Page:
Born 1897 in Vécse, Hungarian film actress Lya De Putti began her stage career on the Hungarian vaudeville circuit. She soon progressed to Berlin, where after performing in the ballet, she made her screen debut in 1918. She became the premiere danseuse at the Berlin Winter Garden in 1924.
Around that time German film director Joe May noticed her and cast her in The Mistress of the World (1919), her first important film. She followed this success with noteworthy performances in Manon Lescaut and Varieté (1925). The latter featured her opposite Emil Jannings and directed by E.A. Dupont. Both films are UFA productions. While in Germany, de Putti starred with such actors as Conrad Veidt, Alfred Abel, Werner Krauss, Grete Mosheim, and Lil Dagover and was filmed by directors F.W. Murnau and Fritz Lang.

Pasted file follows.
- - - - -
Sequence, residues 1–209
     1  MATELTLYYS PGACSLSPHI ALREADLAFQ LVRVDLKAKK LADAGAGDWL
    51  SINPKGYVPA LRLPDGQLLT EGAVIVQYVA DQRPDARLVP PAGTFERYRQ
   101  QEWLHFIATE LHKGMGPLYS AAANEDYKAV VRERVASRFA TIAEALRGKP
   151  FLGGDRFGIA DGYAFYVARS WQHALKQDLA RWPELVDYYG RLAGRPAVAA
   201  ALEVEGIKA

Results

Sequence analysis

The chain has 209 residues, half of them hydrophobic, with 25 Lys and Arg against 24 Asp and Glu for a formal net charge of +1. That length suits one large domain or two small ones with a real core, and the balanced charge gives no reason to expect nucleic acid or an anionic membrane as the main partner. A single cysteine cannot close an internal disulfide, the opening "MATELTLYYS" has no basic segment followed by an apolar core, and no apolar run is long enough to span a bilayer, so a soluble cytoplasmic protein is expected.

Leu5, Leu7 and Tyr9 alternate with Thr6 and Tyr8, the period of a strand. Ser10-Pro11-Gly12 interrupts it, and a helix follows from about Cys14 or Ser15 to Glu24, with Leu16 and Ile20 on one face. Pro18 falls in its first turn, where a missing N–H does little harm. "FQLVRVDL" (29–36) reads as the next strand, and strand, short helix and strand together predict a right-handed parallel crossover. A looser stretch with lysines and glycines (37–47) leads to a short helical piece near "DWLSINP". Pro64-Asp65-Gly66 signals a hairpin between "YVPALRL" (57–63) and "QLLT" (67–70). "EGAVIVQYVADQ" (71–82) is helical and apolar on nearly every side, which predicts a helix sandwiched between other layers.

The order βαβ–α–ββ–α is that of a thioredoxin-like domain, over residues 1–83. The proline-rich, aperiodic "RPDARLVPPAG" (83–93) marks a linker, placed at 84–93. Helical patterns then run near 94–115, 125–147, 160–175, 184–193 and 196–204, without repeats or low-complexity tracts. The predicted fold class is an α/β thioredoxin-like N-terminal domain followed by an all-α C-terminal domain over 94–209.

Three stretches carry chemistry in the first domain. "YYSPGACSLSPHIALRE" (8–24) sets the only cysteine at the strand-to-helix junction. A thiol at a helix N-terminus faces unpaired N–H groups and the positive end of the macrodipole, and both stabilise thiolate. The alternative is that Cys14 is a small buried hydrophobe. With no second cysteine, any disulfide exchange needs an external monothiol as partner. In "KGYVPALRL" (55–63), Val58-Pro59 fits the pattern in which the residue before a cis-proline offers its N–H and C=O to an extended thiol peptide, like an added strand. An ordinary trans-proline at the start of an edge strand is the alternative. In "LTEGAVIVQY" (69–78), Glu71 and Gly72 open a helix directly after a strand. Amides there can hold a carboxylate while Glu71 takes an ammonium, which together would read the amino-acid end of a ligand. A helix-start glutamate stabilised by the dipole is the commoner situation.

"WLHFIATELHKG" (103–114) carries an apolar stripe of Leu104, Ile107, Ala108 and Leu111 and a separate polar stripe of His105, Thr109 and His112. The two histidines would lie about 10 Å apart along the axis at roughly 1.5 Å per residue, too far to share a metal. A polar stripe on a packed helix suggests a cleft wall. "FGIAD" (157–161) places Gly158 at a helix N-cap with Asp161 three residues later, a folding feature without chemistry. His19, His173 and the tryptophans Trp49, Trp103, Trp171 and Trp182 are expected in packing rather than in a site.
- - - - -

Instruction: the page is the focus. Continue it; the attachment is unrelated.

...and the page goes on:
De Putti came to America in 1926. She generally was cast as a vamp character, and often wore her dark hair short in a style similar to that of Louise Brooks or Colleen Moore, and starred in D.W. Griffith’s The Sorrows of Satan (1926).
The following year, de Putti went to Hollywood but found little success. She died in 1931, aged 34, at the Harbor Sanitorium, leaving just £800 (UK equivalent at the time) and a few bits of jewellery. Four years earlier, £800 was her weekly wage.
Take a look at these vintage photos to see the beauty of Lya De Putti in the 1920s.